Friday, September 21, 2007

Never Have Your Dog Stuffed: And Other Things I've Learned by Alan Alda

I spotted this book several weeks ago at the used bookstore and it immediately caught my eye. I liked M*A*S*H and I love memoirs so I added it to my cart. In this book, Alda talks about his childhood and traveling with his parents who were in a burlesque troupe and latter, vaudeville acts as he watched his father perform from the stage wings and how significant of an impact this made on him. Alda, while fascinated with anything science, eventually decides to become and actor himself and the book follows his tough career of finding stage roles, scraping by with his family, and generally finding his voice. After filming a prison movie in Utah, he gets a call about doing a pilot in L.A. about a bunch of doctors in Korea. Alda actually considered turning the part down because he would be separated from his wife and kids but his wife encouraged him to go for it. While reading the section about his M*A*S*H experience, you get the sense that Alda finally found his voice. He was able to write and direct many episodes and finally felt as if he "fit in" as the cast was a huge family to him.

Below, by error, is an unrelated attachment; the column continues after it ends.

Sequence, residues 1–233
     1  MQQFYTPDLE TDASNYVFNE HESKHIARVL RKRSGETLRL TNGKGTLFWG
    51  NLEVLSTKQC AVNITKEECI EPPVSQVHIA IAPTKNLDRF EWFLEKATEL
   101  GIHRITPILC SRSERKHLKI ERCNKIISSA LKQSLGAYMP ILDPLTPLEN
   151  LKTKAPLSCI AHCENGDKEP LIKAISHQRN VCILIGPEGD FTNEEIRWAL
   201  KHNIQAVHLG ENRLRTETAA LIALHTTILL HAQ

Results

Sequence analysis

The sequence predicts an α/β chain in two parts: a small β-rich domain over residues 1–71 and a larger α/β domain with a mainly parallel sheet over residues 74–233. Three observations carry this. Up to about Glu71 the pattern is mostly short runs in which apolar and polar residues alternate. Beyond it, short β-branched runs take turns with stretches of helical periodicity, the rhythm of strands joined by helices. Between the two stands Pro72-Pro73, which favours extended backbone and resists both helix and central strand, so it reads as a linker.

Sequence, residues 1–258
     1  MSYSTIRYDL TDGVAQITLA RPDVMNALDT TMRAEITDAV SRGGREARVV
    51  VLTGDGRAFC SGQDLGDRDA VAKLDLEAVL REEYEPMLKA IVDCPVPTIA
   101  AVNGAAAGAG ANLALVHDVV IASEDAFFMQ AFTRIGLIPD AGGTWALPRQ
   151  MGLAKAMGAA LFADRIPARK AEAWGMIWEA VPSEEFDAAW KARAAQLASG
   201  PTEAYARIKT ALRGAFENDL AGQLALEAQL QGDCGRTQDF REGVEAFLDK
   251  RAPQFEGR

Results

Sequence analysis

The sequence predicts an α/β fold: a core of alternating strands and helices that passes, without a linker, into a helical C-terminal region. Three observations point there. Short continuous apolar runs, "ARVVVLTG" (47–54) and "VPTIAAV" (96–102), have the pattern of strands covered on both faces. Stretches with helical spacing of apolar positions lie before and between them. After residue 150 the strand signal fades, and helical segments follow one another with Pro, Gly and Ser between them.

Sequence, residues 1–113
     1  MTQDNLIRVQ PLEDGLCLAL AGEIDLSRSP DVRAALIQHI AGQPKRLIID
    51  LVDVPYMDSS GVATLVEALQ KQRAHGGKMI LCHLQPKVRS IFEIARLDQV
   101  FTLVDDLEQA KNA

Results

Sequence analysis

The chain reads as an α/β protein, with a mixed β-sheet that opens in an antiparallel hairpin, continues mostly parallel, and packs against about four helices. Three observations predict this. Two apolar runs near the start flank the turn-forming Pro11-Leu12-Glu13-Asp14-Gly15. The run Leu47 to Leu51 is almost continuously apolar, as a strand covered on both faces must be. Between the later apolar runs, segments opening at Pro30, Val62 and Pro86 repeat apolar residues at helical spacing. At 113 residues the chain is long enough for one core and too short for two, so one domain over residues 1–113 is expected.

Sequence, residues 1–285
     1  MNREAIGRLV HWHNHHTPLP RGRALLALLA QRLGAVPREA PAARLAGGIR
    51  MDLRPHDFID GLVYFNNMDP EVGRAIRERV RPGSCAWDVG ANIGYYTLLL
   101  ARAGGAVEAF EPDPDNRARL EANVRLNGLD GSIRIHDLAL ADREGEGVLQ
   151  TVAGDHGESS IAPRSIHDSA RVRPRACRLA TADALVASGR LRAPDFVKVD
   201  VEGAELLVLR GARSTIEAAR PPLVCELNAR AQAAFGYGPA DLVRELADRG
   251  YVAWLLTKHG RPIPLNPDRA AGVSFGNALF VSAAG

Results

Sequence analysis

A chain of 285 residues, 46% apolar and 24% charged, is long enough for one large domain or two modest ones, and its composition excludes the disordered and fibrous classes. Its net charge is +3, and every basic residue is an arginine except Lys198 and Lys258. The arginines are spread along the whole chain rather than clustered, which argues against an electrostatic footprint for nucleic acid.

Overall, I thought that parts of the book were really great. However, Alda would go off on these tangents of talking way too much about acting methodology, etc. I found myself rolling my eyes quite a few times and generally wanting to skip portions of the book in order to get to the story. I was let down when reading this book because I think I had a different impression in my head of what it was going to be. It's not that I thought it was all going to be about M*A*S*H, it's just that I wish it flowed better and I didn't have to read about every single thought regarding acting methodology that passed through his mind, which I felt I was doing. It drove me crazy and I thankful when I finally read the ending.

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